For nursing students like Zachary Krall, learning to make life-and-death patient care decisions can be a daunting challenge. But thanks to Union College’s newly expanded Nursing Simulation Center, Krall can practice in an environment even closer to the real thing, with interconnected rooms, high-tech patient simulators and volunteer patients who mimic the experience of a real hospital.

“I’m glad I can build confidence in my ability to work effectively in a variety of settings before working with actual patients in a hospital,” said Krall, a junior nursing major from Washington. The patient simulators look like people and mimic human bodily functions, allowing students to feel a pulse, assess pupil reaction, listen to lungs, respond to a patient’s voice and see reactions to medication.

“Union’s simulation center experience is different from clinical training in hospitals,” Krall said. “During simulations, we make patient care decisions on our own and see the results of our choices.”

Tracy Hagele, the coordinator of Union’s Nursing Simulation Center, said, “Simulation offers the only opportunity for students to practice the full scope of nursing skills before they actually become a nurse. Our program is unique because we emulate a real hospital. The nursing students work together as a team to care for several patients in multiple rooms—just like they will in a hospital unit—but without a clinical instructor looking over their shoulder. Instead, we watch from the control room to provide constructive feedback during the debrief.”

The Union College difference

Krall first visited campus in August 2016, when he helped his brother move into the residence hall.

“The faculty gave me a tour of Union’s nursing program even though I had no intention of transferring,” said Krall, who was already enrolled in a nursing program in Florida. His interaction with faculty, the campus atmosphere and the experiential learning emphasis impressed Krall. The simulation center especially caught his eye—his previous college didn’t have one.

Even with the transfer deadline six months past, the nursing faculty helped him begin the process. “I prayed about it, and three days later, I transferred to Union,” Krall said. “It was a miracle.”

One semester later, Krall knows he made the right decision. “I feel like I’m getting the preparation I need to be a great nurse,” he said. “At Union, the faculty really focus on helping you succeed.”

He believes the hands-on practice through the simulation center is helping him gain more confidence in clinicals and in classwork. In fact, a recent study by the National Council of State Boards of Nursing found nursing simulation prepared students just as effectively as traditional clinical rotations in hospitals. At Union, nursing students participate in a combination of simulation and clinical rotation experiences.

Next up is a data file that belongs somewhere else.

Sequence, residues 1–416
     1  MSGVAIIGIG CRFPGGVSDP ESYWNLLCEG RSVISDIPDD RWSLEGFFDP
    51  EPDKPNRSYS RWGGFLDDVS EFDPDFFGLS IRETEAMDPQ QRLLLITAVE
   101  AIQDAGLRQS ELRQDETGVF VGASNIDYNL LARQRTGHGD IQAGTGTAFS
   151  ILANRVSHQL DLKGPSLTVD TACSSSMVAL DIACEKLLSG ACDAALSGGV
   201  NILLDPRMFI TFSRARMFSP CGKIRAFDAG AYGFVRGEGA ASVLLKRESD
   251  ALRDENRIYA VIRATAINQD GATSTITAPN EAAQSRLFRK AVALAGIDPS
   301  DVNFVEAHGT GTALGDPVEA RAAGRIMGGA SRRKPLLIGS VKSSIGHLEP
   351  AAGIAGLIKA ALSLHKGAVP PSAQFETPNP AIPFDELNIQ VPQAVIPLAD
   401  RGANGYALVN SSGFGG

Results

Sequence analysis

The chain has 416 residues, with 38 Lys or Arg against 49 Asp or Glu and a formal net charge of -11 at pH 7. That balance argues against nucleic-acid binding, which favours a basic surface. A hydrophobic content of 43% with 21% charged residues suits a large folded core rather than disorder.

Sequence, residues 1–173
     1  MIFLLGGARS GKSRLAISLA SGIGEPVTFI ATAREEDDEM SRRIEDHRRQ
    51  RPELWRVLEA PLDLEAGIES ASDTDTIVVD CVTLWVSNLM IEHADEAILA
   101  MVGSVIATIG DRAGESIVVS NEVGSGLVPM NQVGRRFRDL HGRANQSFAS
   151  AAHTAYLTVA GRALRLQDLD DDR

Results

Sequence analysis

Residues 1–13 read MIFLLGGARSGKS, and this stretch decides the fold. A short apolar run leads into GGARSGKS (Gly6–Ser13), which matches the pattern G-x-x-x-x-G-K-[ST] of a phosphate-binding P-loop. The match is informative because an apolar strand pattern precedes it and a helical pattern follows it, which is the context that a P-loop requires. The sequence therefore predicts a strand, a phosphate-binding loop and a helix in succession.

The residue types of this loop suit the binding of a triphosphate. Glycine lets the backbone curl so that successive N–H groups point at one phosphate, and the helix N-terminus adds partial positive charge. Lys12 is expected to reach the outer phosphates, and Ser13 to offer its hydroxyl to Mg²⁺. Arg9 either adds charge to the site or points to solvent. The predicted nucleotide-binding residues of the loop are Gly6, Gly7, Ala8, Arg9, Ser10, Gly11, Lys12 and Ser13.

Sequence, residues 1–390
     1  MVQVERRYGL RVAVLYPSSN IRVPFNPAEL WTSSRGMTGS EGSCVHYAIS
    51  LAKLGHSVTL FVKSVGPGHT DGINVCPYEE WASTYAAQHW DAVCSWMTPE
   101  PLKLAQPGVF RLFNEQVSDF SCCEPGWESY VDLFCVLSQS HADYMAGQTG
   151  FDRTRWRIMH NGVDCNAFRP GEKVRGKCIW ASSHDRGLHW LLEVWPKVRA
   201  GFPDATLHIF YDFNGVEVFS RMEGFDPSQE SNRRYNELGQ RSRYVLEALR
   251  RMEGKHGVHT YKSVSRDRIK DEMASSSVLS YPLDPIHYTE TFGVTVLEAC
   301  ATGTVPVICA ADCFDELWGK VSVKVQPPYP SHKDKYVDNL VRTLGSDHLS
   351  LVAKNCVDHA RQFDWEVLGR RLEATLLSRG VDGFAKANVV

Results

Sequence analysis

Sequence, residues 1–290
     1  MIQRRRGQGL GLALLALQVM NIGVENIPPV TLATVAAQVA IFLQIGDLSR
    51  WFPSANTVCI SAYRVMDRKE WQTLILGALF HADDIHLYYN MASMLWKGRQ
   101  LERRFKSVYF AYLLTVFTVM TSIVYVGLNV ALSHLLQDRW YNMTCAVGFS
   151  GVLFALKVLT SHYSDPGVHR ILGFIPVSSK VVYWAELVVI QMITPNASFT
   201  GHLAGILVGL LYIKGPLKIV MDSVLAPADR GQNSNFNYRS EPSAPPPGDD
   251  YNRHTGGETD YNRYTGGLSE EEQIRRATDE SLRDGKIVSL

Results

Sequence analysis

Expanding to create a hospital environment

According to Hagele, a lot of nursing schools focus on single patient simulations—one student working with one simulator. At Union, nursing students must work as a team to care for several patient simulators and live patients. During simulations, each nursing student talks with their patients, performs physical assessments, reviews patient charts with physician orders and lab results, retrieves and administers appropriate medications and records information on the patients’ electronic health record. “This innovative method better simulates real-world nursing practice,” Hagele said. “We specifically design the simulations to help them translate the skills they are learning in the classroom to the clinical setting.”

Dr. Nicole Orian, chair of the Division of Nursing, believes Union’s unique approach to simulation is one of the reasons their graduates pass the NCLEX-RN the first time. “Union has a consistently high first-time pass rate on the national nursing licensure exam—the highest in the state of Nebraska in 2015 (94 percent) and with a 97 percent first-time pass rate in 2016, we expect our graduates will be at the top once again,” she said.

A simulation can take anywhere from 20 minutes to two hours. Hagele sets up the simulation center to replicate a variety of environments. Often the center is set up like different hospital units such as a pediatrics, emergency or recovery. At other times, Hagele recreates other types of settings: an apartment for home health training or a small village to prep Global Health Nursing students for their time in Nicaragua.

“You’re not overwhelmed,” Krall said. “You can focus and make sure you’re completing the proper steps without being rushed.”

Hagele stated that the recent expansion doubled their simulation space and provided them with an additional suite and two new high-tech manikins. “We can now accommodate more nursing students while continuing to maintain multiple patient simulations. This also allows students at different levels to work together as a team and learn from each other,” Hagele said.

After each simulation, students debrief together with supervising faculty to review thought processes, evaluate care decisions and learn from the experience—something Krall finds valuable. “Debriefs are a good time to ask questions because you’re allowed to be vulnerable and receive clarification,” he said. “It’s better to get everything fixed in simulation than on the floor with a real patient.”

By combining practical experience with individualized learning, Krall feels his education at Union is well rounded. “At Union, I don’t get overwhelmed and feel like giving up,” he said. “We learn a lot about holistic care. We’re taught to treat the person and not the disease. We care about the person’s well-being emotionally, spiritually, physically and psychologically, just like the nursing faculty care about us.”

If you are interested in learning more about Union College’s nursing program, please visit or call 402.486.2674.

Emily Wood is a senior communication major from Missouri.